Thursday, November 24, 2011


Valentine Felty Vanhooser, Senior arrived in Rowan County sometime after 1750. By the time of the American Revolution he had moved his family to Virginia. By 1795, his son Valentine Felty Vanhooser purchased 100 acres of land on Cobbs Creek in then Washington County, now Carter County Tennessee.

I am not sure of the exact location of Valentine Felty Vanhooser's land in Virginia.

The best recorded description is the "North Fork of the Clinch River near Flat Lick". (Lyman Chalkley's Chronicles of the Scotch-Irish Settlement of Virginia, which in turn comes from the Superior Court records found in Augusta County, Virginia.)

The North Fork of the Clinch River runs through Powell Mountain, a 60 mile mountain which ranges from Norton, Virginia to Tazewell, Tennessee. Travelers made the route through  Powell Mountain at Kanes Gap. This was part of the Wilderness Trail that was blazed by Daniel Boone. Boone's Trail crosses Big Stony Creek, then out to Hunter's Valley through Rye Cove to Sunbright, near Duffield, and across Kane's Gap onto Wallen Creek. At Little Flat Lick all three traces became one before entering Kane's Gap, and thence down Powell Valley to Cumberland Gap. (Highway 23 on the map.)

See The Boone Trail and The History of the Daniel Boone Trail.

This is a summary of the pertinent portions of the CHRONICLES OF THE SCOTCH-IRISH SETTLEMENT OF VIRGINIA; Vol 2, pp 220 - 229 by Lyman Chalkley that relate to the Vanhoosers.

West half of Virginia by Digital Topol Maps

A little background history is in order.

Dunmore's War

In 1774 Dunmore's War took place between the Colony of Virginia and the Shawnee and Mingo American Indian nations. Although the war ended soon after the Battle of Point Pleasant on October 10, 1774, it did not end troubles with the Cherokee tribes who also claimed the land settlers were moving into.

In 1776, Fincastle County ceased to exist and was divided into three new counties — Montgomery County, Washington County, and Kentucky County (which later became the Commonwealth of Kentucky.  Augusta County, which also appears in many early records is located to the north and along the western border. Note also that these three counties were later reorganized into many other smaller counties. For instance, Tazewell County, which contains the area where Valentine settled, was not orgnized until 1799. By then Valentine Junior had moved into eastern Tennessee while other relatives continued to live in the area or migrated to other states. In searching for Vanhooser in Virginia, it is necessary to also use the spelling "Vanhouser".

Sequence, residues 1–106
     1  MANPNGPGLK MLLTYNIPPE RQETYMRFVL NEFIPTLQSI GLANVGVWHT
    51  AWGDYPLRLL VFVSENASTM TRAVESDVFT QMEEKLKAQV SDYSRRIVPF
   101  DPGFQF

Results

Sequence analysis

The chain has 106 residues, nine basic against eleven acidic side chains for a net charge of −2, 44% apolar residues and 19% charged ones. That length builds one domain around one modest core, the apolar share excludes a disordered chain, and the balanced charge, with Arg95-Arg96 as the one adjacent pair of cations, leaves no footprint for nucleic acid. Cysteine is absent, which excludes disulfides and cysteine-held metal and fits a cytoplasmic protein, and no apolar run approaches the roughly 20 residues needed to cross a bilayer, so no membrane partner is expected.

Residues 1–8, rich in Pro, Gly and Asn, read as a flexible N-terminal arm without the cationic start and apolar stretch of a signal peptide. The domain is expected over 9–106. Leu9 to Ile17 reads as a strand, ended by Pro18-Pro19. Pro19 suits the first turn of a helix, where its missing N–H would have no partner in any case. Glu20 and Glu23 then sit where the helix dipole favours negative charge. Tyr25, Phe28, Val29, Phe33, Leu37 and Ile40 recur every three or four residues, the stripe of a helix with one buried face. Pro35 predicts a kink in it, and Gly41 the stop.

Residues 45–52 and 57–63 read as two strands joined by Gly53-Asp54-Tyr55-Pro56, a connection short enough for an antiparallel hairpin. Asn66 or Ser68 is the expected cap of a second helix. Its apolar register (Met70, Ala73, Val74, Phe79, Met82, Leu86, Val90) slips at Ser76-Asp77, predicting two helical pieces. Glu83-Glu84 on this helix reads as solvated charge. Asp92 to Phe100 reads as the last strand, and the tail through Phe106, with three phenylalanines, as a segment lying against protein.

During the Revolution, loyalties were divided. For example, Charles Cocke, who lived in the Cripple Creek area during the first half of the revolution. On 13 Sep 1777, he took the oath of loyalty in Montgomery County. According to his Pension Application, he served in the Company of Captain Henry Francis. This Company was composed of men from along Cripple Creek. Valentine Felty Vanhooser, on the contrary, remained loyal to the British side.

Chronicles of the Scotch-Irish Settlement of Virginia

The Chronicles concerns a land lawsuit whose records are found in Augusta County, Virginia. I have not discovered the exact nature of the lawsuit, but it is most likely a question of disputed possession that arose in the year 1811, the date of the suit. The case was before the Superior court.